Bend of the River (1952): Anthony Mann’s Western, Starring Jimmy Stewart

One of the most productive collaborations between actor James Stewart and director Anthony Mann in the 1950s, Bend of the River is one of their best Westerns, set in Oregon in the 1840s.

Jimmy Stewart plays Glyn McLintock, a former outlaw, now working as trail guide for a group of Oregon-bound farmers.  He is aided in this mission Emerson Cole (Arthur Kennedy), an unrepentant horse thief.

Upon arriving in Portland, McLintock gets involved in a scam operated by trader Howard Petrie, who has reneged on his promise to ship goods to the settlers. Unable to take action through legal channels, Stewart and farmer Jeremy Baile (Jay C. Flippen) steal the provision and scurry back to the settlement by boat.

On their return, they discover that Cole has sold out to the crooked Petrie and intends to reclaim the supplies, taking Jeremy and his daughter Laura (former singer turn actress) Julie Adams as hostages to ensure safe passage.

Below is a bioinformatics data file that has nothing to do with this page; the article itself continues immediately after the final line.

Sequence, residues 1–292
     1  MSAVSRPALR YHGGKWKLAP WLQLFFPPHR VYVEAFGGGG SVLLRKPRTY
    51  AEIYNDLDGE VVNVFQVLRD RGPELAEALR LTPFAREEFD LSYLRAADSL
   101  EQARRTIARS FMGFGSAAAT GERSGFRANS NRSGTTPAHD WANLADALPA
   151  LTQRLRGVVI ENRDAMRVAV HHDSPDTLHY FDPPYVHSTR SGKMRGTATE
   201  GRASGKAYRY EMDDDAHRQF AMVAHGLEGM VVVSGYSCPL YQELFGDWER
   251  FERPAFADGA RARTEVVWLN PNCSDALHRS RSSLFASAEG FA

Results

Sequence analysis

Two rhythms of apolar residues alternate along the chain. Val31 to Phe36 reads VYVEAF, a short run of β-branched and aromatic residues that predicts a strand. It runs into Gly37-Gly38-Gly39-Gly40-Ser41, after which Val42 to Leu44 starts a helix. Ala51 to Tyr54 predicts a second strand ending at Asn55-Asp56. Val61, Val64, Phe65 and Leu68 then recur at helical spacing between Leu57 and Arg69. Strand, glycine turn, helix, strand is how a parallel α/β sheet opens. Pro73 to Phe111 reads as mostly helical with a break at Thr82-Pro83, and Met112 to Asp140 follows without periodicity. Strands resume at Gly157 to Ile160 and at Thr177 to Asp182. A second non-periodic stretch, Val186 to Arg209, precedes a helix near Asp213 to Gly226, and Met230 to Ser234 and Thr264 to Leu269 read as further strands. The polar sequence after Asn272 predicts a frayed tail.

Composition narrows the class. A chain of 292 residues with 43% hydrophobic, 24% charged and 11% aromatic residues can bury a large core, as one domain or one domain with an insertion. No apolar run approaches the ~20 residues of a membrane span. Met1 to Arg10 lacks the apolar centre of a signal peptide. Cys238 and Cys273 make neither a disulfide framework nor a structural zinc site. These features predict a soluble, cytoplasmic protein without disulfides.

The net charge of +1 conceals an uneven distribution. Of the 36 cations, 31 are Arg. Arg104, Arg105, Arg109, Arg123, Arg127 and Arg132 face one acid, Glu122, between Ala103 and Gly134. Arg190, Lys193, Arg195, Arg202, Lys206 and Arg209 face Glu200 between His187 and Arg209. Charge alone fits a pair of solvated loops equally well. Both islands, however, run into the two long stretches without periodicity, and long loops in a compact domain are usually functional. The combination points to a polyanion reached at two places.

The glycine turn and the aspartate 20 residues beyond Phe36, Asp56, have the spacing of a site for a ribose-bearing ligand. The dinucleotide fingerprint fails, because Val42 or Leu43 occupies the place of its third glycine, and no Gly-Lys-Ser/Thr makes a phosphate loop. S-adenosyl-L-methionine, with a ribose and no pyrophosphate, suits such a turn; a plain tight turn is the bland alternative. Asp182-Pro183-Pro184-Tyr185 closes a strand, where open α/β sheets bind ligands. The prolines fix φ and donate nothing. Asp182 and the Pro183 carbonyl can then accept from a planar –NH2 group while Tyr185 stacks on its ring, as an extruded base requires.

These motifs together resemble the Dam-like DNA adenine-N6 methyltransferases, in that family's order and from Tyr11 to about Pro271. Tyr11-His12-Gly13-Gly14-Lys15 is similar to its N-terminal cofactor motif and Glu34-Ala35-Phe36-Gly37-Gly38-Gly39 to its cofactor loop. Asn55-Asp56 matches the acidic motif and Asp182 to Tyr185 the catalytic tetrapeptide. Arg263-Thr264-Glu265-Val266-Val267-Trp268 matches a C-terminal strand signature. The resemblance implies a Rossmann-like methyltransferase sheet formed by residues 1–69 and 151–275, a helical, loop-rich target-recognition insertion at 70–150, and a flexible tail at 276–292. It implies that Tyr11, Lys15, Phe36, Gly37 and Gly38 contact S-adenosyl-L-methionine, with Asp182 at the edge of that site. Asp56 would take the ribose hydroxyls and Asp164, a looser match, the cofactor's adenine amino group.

As in the other Stewart-Mann collaborations, Stewart plays a darker role, in an effort to break away from his all-goof and easygoing screen persona. To that extent, he excels in embodying a tough, self-serving rugged individual, whose true motives and loyalties remain in doubt until the tale’s closing moments.

Bend of the River was adapted by Borden Chase from Bill Gulick’s novel Bend of the Snake.

You can spot the young Rock Hudson in a small part before he became a star later in the decade.

Running time: 91 minutes.

Directed by: Anthony Mann

Written By: Borden Chase

Released in theaters: February 13, 1952.

DVD: May 6, 2003